Phew! Of course there are, in truth, many details besides these that are involved, such as relative baseload vs peak usage (usually subsumed with the capacity factor and annualised cost estimates), transmission connection (usually within installed capital costs), etc. But putting these complexities aside, the end product of such accounting really depends on whether you are able to get accurate operational data on each of these inputs, or alternatively, whether you pull some parameter values out of certain dark orifices. Indeed, you can basically come up with anything, from quite reasonable estimates through to wildly under- or over-blown costings of long-term delivered energy (usually expressed as c/KWh). My advice — check assumptions carefully!
Step (ii) is really a topic for another day, but involves the costs and logistical challenges associated with going from small-scale to large-scale operation. For instance, wind power operates perfectly well on a fossil-fuel-based grid infrastructure when it contributes a small fraction of total power, but as it constitutes more and more of the total installed capacity, issues of energy storage or backup from other generating sources come into play. Such problems are not insoluble, but they do impact on the bottom line in ways that cannot necessarily be anticipated using simple ‘bottom-up’ approaches that work by costing each unit and then multiplying by the amount that would be needed.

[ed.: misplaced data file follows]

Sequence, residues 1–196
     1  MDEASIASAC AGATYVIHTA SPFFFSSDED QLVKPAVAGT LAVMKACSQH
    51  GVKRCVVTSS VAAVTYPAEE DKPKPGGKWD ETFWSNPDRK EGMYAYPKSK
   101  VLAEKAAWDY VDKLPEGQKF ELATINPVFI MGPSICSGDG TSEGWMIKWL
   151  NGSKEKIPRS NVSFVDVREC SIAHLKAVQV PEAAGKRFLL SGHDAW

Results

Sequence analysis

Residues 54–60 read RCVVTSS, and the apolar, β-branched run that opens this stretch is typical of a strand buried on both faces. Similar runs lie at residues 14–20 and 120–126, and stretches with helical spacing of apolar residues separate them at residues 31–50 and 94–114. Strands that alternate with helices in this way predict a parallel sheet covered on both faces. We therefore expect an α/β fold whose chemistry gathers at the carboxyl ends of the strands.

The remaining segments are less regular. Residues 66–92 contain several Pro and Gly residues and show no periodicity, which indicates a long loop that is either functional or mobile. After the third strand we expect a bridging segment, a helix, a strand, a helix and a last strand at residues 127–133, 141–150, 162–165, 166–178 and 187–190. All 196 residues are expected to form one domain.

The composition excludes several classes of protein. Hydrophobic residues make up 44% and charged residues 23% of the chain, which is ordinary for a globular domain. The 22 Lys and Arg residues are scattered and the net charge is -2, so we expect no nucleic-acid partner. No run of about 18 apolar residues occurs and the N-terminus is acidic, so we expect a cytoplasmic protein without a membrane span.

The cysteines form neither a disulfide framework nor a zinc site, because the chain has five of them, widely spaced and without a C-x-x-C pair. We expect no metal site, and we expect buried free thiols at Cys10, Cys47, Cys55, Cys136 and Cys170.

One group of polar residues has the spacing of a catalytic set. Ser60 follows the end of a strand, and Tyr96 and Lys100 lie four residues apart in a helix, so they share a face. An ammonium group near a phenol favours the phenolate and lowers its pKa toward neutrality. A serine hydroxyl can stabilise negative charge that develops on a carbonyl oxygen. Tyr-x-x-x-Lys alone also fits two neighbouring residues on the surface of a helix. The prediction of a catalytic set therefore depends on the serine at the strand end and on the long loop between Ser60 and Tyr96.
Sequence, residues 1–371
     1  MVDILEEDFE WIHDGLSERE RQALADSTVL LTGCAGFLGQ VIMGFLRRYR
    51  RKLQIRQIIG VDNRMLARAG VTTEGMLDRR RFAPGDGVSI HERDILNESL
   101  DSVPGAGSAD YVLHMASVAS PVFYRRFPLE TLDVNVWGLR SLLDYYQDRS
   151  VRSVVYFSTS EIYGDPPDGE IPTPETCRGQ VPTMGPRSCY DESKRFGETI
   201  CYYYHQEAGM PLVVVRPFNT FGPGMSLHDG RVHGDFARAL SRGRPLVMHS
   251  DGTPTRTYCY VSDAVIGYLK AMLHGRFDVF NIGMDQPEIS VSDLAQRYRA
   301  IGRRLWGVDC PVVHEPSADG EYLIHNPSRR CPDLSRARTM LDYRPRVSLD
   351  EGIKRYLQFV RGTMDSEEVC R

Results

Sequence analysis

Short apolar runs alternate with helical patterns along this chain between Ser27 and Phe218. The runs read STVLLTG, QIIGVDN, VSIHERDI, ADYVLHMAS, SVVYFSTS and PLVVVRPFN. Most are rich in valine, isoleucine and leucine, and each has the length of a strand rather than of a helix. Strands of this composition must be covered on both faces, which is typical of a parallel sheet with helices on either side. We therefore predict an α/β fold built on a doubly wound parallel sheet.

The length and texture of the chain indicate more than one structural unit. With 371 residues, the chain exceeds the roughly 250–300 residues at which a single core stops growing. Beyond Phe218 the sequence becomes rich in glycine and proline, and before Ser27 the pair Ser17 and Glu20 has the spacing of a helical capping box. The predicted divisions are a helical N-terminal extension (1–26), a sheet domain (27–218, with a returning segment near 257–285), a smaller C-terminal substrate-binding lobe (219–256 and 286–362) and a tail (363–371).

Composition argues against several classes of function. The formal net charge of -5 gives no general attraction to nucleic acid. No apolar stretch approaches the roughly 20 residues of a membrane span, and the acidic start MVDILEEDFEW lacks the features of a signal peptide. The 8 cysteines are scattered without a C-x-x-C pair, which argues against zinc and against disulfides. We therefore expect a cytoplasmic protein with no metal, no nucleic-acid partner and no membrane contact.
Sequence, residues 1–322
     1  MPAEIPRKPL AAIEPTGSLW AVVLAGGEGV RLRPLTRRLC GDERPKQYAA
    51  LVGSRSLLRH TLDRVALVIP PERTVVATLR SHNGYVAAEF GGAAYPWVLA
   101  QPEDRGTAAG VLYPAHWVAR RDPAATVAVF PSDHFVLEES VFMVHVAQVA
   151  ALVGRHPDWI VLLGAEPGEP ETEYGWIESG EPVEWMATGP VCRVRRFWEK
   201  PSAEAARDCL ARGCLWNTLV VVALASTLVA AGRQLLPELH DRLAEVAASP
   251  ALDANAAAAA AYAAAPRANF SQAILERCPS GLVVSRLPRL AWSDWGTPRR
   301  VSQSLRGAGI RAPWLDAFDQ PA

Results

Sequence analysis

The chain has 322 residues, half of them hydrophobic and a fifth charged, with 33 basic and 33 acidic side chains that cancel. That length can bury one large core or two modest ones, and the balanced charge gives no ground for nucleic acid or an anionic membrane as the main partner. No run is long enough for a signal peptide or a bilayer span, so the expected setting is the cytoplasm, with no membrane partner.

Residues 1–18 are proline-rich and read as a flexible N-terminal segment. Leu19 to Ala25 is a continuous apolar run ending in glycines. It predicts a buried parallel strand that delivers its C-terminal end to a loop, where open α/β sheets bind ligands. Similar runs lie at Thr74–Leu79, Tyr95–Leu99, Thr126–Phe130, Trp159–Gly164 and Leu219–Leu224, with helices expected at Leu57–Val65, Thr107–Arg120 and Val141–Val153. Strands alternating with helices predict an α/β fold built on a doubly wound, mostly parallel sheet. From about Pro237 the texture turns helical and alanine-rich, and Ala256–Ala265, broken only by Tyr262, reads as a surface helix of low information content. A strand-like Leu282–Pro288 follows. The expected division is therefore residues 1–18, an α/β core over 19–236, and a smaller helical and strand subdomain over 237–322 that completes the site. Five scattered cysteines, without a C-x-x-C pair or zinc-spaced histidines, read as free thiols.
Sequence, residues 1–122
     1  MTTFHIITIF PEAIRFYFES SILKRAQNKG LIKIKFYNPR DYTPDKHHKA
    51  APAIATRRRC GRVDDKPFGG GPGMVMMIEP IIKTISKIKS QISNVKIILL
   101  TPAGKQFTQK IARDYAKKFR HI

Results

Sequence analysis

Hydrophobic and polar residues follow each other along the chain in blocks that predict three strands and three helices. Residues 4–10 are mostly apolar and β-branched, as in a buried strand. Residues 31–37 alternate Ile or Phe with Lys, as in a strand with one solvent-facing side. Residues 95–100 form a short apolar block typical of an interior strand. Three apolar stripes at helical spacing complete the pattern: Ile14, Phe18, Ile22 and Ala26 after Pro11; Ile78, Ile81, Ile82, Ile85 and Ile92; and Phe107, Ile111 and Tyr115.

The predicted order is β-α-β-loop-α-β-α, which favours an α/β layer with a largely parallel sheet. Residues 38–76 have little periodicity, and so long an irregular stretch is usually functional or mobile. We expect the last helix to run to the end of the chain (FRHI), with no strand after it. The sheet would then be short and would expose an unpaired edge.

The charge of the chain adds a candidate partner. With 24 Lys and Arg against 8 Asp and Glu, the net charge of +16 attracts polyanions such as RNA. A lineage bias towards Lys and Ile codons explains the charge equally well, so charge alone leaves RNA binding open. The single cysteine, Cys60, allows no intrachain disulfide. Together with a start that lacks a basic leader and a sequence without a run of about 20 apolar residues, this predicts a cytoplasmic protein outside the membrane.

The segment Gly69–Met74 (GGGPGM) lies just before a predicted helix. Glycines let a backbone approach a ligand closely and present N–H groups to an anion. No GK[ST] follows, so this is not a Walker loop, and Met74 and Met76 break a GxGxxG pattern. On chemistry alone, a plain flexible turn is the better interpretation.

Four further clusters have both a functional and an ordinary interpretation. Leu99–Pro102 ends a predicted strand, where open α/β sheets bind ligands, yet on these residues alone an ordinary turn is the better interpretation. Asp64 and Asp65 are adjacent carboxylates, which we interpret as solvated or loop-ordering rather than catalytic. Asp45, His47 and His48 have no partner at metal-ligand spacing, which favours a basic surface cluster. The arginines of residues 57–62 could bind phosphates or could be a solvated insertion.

The guts of Chapter 8 is lots of numbers — really big numbers. It even comes with a vertigo warning. There is a lot of material here, and so I can’t cover all of the key details in a brief review like this. Which is kind of a shame, because you really have to assess the logic of the chapter in full to appreciate the validity of the fundamental argument Blees is trying to make: it can make real financial sense to build IFRs on a massive scale.
Step (iii), recent experience, is the primary basis upon which Blees bases his costings. Perhaps some of the details can come out in the comments of this post, when folks here have specific questions. So, just the core points then:
3) Reactors become far cheaper if they have the following characteristics: (a) standardised blueprints, (b) simpler design, (c) factory-built modular units, which can be trucked to site, (d) a system within which legalistic impediments are surmounted by sound legislation (one of the big problems in the US).